Different characteristics of target population are as under: Table: 1 Frequency: Gender
Gender Male Female Total Frequency 109 15 124 Percentage 88% 12% 100%
Table: 2 Frequency: Age
Age 20-30 31-40 41-50 51 & Over Total Frequency 11 61 27 25 124 Percentage 9% 49% 22% 20% 100%
Table: 3 Frequency: Qualification
Qualification Bachelors Masters MS/M.Phil Ph.D Total Frequency 73 45 4 2 124 Percentage 59% 36% 3% 2% 100%
Table: 4 Frequency: Job
Job Title Admin. Tech. Total Frequency 69 55 124 Percentage 56% 44% 100%
Table: 5 Frequency: Income
Income (In 000) Frequency 20-30 79 31-40 32 41-50 8 51 & Over 5 Total 124 Percentage 64% 36% 6% 4% 100%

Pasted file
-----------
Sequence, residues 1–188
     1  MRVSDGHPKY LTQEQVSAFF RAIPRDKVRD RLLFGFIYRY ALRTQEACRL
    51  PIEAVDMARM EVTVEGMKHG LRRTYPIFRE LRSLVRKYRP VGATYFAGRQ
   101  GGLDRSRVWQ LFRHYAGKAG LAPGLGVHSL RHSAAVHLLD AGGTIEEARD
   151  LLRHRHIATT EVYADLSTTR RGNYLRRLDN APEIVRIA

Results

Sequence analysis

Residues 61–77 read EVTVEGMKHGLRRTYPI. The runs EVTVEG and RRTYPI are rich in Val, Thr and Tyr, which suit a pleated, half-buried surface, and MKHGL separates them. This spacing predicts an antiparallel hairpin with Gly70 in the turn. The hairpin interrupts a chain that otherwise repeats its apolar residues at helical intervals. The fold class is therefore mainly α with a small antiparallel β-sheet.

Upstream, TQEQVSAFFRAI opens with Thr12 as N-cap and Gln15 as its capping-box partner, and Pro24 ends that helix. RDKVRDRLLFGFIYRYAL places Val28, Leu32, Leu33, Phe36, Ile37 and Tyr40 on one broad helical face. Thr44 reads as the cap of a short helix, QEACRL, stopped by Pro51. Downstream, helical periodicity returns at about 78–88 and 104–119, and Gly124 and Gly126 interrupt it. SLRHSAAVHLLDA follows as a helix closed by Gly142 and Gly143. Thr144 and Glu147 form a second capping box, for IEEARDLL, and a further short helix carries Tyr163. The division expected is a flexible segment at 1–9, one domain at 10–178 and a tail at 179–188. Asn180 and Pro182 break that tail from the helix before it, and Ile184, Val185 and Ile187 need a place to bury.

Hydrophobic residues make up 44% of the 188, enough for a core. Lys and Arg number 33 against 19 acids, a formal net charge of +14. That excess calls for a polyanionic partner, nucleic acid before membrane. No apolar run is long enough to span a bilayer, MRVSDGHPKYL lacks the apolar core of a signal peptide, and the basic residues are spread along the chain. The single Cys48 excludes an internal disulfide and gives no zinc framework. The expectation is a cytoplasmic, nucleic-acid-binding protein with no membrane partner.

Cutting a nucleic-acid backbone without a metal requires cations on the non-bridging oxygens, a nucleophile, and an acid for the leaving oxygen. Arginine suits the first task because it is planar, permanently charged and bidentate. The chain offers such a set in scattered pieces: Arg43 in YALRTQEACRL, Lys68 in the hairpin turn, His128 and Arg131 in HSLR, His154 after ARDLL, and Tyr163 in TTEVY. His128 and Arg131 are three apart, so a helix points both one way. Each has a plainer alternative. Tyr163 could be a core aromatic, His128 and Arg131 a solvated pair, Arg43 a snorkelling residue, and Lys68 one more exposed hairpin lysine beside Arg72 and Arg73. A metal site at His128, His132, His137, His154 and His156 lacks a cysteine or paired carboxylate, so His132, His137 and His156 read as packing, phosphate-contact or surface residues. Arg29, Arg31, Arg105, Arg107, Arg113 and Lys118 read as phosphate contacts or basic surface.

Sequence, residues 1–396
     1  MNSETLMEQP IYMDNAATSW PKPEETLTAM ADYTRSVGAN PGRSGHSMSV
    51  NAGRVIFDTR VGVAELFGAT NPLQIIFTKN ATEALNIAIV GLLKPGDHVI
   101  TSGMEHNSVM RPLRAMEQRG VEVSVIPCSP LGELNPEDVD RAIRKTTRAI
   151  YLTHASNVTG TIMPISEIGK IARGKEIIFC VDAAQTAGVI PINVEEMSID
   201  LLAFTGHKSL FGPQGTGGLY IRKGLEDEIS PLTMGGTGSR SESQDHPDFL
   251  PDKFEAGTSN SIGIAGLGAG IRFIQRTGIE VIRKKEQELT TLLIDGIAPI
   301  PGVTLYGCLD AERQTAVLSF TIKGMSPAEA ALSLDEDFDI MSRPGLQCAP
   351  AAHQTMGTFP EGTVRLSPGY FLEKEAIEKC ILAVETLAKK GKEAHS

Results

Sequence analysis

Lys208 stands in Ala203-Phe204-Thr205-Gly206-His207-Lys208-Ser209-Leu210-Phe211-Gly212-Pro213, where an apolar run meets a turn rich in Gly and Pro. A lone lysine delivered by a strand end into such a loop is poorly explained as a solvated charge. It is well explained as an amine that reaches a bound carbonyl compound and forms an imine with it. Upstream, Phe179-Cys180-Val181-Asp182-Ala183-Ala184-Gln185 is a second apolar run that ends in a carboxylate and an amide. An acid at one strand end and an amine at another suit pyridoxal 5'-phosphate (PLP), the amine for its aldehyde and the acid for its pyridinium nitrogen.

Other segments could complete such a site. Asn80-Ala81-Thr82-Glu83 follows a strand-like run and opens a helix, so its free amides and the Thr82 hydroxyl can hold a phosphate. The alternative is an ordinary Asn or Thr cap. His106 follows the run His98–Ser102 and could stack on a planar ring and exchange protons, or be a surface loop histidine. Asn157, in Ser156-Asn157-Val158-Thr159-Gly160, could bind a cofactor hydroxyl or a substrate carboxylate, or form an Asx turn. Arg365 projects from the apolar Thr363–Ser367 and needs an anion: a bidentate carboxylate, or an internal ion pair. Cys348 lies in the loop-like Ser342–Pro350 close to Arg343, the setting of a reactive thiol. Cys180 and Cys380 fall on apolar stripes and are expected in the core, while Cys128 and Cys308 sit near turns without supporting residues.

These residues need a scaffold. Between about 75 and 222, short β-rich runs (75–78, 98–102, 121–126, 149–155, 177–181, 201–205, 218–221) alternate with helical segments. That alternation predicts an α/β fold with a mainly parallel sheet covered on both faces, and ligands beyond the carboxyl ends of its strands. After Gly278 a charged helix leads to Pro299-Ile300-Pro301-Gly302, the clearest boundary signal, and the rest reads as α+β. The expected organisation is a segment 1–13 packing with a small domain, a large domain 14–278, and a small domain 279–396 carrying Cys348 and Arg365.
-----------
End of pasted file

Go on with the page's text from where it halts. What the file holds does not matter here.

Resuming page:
Table: 6 Frequency: Experience
Years Less Then 1 Year 1-5 6-10 More Then 10 Years Total Frequency 0 13 24 7 124 Percentage 0% 10.48% 19.35% 70.16% 100%
ANNEXURE: 2 Table 7Correlations
QS QS Part. Mot. 1 0.32 0.31 Part. 1 0.52 1 Mot.
Table99- Descriptive Statistics
QS Mean Standard Error Median Standard Deviation Range Minimum Maximum Sum Count Confidence Level (95.0%) Part 3.8136 0.0655 4.0000 0.7294 3.1111 1.8889 5.0000 472.8889 124.0000 0.1297 3.7893 0.0447 3.7500 0.4973 2.1250 2.7500 4.8750 469.8750 124.0000 0.0884 Mot 4.1782 0.0537 4.2000 0.5975 3.2000 1.8000 5.0000 518.1000 124.0000 0.1062
Correlations QS QS Pearson Correlation Sig. (2-tailed) N Part. Pearson Correlation Sig. (2-tailed) N Mot. Pearson Correlation Sig. (2-tailed) N 1 . 124 .037 .687 124 .136 .133 124 Part. .037 .687 124 1 . 124 .126 .163 124 Mot. .136 .133 124 .126 .163 124 1 . 124
Descriptive Statistics Mean 3.90 3.85 4.19 Std. Deviation 1.139 1.057 .703 N 124 124 124
Mot. QS Part.